In an article posted on the FCC’s blog yesterday, FCC Chairman Tom Wheeler listed four actions that would soon be coming out of the FCC to address broadcast issues. For TV, these include looking at what constitutes “good faith negotiations” in the retransmission consent context, and whether to do away with the FCC’s network nonduplication protection rule. For radio, the long-delayed AM revitalization docket will apparently soon be considered by the FCC. And, finally, the FCC may modernize the contest rules for all broadcasters by allowing more online disclosure of contest rules. What are these proceedings all about?

The retransmission consent proceeding grows out of Congress’ adoption of STELAR, which authorized the continued retransmission of broadcast signals by satellite television operators. As part of that legislation, which we summarized here, the FCC was directed to start a proceeding to determine whether it should adopt new rules to define what constitutes “good faith negotiation” of retransmission consent agreements. There has already been significant lobbying on this issue by both sides. Right now, good faith negotiation really has not been an area where the FCC has intervened beyond using its bully pulpit to urge parties to retransmission consent disputes to reach a deal. It is commonly recognized that failing to deal with a MVPD at all would be a violation of the good faith standard, but many MVPDs now want the FCC to become more involved, putting limits on TV channel blackouts, especially just before big televised events (like the Super Bowl or the Oscars), limiting the blackout of web-based programming to subscribers of an MVPD that is involved in a dispute, limiting the bundling of Big 4 network programs with programming from other channels provided by the TV broadcaster, and similar limits. The Chairman’s blog is short on specifics, but does suggest that, while some specific prohibitions may be suggested, the FCC would also be able to look at the totality of the circumstances to determine if a broadcaster and an MVPD were negotiating in good faith (note that these rules apply to broadcast retransmission consent negotiation, not those between MVPDs and cable channels not shown on broadcast TV).In a related action, the FCC had proposed to eliminate its network nonduplication and syndicated exclusivity protections – rules that forbid MVPDs from carrying programming from distant stations if a local station has the exclusive rights to such programs (see our article on this proposal here). The FCC had proposed to leave the enforcement of such out-of-market programming rights to contracts – taking the FCC out of the business of enforcing such rights. While broadcasters may be protected from having their programming rebroadcast outside their markets under syndicated programming and network agreements, there are concerns by some broadcasters that retransmission consent agreements are not always clear that an MVPD cannot carry their programming outside of their market. Thus, there is a fear that, even though program rights are limited by market, retransmission consent agreements entered into in the past may give some MVPDs the rights to carry TV stations beyond their market areas. The FCC is supposed to decide this matter soon, according to the Chairman’s blog post, apparently leaving these protections for broadcasters to marketplace agreements.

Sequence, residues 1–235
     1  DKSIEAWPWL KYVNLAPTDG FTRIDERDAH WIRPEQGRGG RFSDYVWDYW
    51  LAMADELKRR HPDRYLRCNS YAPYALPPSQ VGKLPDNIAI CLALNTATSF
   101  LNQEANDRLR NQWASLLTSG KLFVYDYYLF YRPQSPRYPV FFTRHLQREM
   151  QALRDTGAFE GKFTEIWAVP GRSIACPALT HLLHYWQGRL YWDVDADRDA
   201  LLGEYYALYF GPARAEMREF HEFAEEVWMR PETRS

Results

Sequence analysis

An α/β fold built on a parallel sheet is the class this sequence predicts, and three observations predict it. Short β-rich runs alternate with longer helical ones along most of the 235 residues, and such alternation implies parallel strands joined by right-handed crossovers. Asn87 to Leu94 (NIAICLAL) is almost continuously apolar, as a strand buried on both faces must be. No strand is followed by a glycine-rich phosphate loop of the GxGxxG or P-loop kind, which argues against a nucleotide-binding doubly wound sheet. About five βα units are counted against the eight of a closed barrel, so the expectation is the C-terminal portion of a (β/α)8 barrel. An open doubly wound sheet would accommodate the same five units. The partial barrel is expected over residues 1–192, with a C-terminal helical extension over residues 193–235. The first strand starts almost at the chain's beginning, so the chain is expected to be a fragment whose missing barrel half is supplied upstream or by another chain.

On the long-delayed AM revitalization proceeding, the Chairman promises some actions that will assist AM stations in the short-term, and a further rulemaking to look at long-term solutions. The blog post does not give much in the way of details, including little on the issue of FM translators for AM stations (see our article here about the Chairman’s concerns about a translator window reserved for AM stations). AM stations will obviously be anxiously awaiting the promised upcoming action.

Finally, the Chairman promises action soon on allowing broadcasters to put the material rules of on-air contests online, rather than trying to read those rules on the air enough so that a reasonable listener can hear them – a problem that many broadcasters have had in recent years. See our summary of the FCC’s proposal here. Broadcasters will certainly be looking for this relief, apparently coming in the near future.

While the incentive auction seems to be dominating the headlines, the FCC appears to be moving quickly on many other broadcast matters. Watch for decisions on these matters in the very near future.